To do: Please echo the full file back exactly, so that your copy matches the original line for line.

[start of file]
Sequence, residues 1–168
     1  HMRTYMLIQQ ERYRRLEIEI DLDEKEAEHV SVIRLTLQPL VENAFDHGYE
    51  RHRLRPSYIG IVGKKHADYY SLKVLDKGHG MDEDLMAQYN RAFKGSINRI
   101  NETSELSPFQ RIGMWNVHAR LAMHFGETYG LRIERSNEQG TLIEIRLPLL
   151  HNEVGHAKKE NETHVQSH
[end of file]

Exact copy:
Sequence, residues 1–168
     1  HMRTYMLIQQ ERYRRLEIEI DLDEKEAEHV SVIRLTLQPL VENAFDHGYE
    51  RHRLRPSYIG IVGKKHADYY SLKVLDKGHG MDEDLMAQYN RAFKGSINRI
   101  NETSELSPFQ RIGMWNVHAR LAMHFGETYG LRIERSNEQG TLIEIRLPLL
   151  HNEVGHAKKE NETHVQSH